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Old Today, 09:45 AM
 
10,906 posts, read 4,421,881 times
Reputation: 27549

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Quote:
Originally Posted by loves2read View Post
So alcohol canít be used to turn someone into a vulnerable victim???
It can, and it has. Candy is dandy but liquor is quicker, as they say.

I don't think he can be held responsible for what she was drinking. That seems . . . a little paternalistic, especially considering she is older than he is.

He's not responsible for the condition she placed herself in, and the circumstances she chose.

Would you want it to be that way? That men around you, whom you don't even know, make your decisions for you?
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Old Today, 09:48 AM
 
Location: Central IL
15,352 posts, read 8,761,179 times
Reputation: 36059
Quote:
Originally Posted by mascoma View Post
Study: Juries often get it wrong

https://webcache.googleusercontent.c...&ct=clnk&gl=us

They made a decision based on emotion. They know about the "campus rape crisis" and that affected their decision.
One in EIGHT is not "often"...it's not even "occasionally". Of course juries screw up, because lawyers screw up...and police officers screw up...and on down the line. How is it you're so certain you know what affected their decision?

There is nothing (ha) about our system that is 100% foolproof...so do we get rid of juries? Do we just get rid of the jury in THIS case? What is your suggestion?
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Old Today, 11:52 AM
 
10,906 posts, read 4,421,881 times
Reputation: 27549
Quote:
Originally Posted by reneeh63 View Post
One in EIGHT is not "often"...it's not even "occasionally". Of course juries screw up, because lawyers screw up...and police officers screw up...and on down the line. How is it you're so certain you know what affected their decision?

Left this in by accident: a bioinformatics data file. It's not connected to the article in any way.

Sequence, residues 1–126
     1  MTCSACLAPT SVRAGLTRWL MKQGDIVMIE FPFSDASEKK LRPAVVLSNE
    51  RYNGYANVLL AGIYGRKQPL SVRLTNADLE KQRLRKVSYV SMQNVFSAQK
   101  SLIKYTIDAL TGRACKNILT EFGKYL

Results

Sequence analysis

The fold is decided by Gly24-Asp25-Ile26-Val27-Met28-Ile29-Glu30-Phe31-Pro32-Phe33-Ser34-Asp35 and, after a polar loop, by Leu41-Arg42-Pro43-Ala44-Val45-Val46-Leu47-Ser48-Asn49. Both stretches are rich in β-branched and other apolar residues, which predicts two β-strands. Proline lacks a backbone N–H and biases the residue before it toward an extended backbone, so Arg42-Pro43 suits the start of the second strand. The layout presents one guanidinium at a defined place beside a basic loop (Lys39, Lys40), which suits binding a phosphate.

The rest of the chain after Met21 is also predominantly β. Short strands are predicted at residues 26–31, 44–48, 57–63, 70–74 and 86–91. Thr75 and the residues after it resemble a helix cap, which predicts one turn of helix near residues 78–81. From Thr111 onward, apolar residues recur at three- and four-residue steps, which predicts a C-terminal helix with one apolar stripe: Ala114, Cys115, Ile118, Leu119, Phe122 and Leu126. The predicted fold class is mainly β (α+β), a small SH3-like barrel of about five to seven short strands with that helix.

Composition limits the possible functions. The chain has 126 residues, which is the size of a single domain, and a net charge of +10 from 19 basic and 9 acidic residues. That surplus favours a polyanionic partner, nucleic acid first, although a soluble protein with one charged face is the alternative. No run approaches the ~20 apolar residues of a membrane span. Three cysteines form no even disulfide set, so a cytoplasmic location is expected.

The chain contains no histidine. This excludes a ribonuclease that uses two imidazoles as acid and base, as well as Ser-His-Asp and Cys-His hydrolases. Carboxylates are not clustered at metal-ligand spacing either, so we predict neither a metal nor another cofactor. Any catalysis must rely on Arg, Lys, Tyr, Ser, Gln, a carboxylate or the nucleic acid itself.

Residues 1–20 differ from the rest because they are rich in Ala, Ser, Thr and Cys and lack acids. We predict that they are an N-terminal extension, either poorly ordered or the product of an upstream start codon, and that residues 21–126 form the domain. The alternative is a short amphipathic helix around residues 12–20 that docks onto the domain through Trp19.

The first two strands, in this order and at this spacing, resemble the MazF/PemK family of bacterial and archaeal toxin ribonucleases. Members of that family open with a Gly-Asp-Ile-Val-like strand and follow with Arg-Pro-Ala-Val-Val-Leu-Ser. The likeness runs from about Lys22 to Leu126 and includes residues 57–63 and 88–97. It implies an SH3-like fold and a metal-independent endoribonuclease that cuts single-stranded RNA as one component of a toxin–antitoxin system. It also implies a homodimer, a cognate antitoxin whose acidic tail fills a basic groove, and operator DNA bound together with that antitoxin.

There is nothing (ha) about our system that is 100% foolproof...so do we get rid of juries? Do we just get rid of the jury in THIS case? What is your suggestion?
Do you honestly think one time in 8, juries getting it wrong isn't FREQUENTLY? One in 8? That's insanely high.

Considering the jury is charged with being certain, beyond a reasonable doubt, that they are getting their verdict right.

I personally think our court system is the most bizarre thing, although many other countries use the same crazy system.

Imagine trying to make an important decision based on that system. You're trying to buy a car, say, and are interested in the best one for you.

You CERTAINLY wouldn't sit there, mute, while one person who will profit from you buying the car, and one person whose job depends on you not buying the car, present their sides and call on other people who are very very limited in what they can say, like, for example, they got one of those cars and it was a lemon and so did 3 people they knew. Hearsay, not admissable, sorry. Overly prejudicial, sorry. Strike that comment from your memory.

And now, all of you go into that room over there and arrive at a consensus, and you can't go about your life until all of you agree buy it or don't.

The best way to go about making a decision is for the decision maker to listen to many voices, research the question, ask questions, talk amongst their friends about their experiences, read consumer reports, etc.

None of which can be done in a court of law. It's the weirdest way to arrive at a decision I've ever heard of.
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Old Today, 12:39 PM
 
Location: Watervliet, NY
4,402 posts, read 1,658,025 times
Reputation: 8053
Quote:
Originally Posted by ClaraC View Post
He wasn't having sex with her, is the thing. He was attempting to pleasure her. He wasn't pleasuring himself.

That's so key here, and it deserves a lot of focus. He wasn't doing something for his own pleasure, as in all your examples in this post.

Which would make it appear, IMHO, that he believed she was conscious.



Doesn't matter. You still need the person's consent.
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Old Today, 12:48 PM
 
10,906 posts, read 4,421,881 times
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Quote:
Originally Posted by ContraPagan View Post
Doesn't matter. You still need the person's consent.
Yes. And I'm guessing he had it at one point, and then she passed out and he didn't notice because she was flat on the ground to begin with, and he was roaring drunk.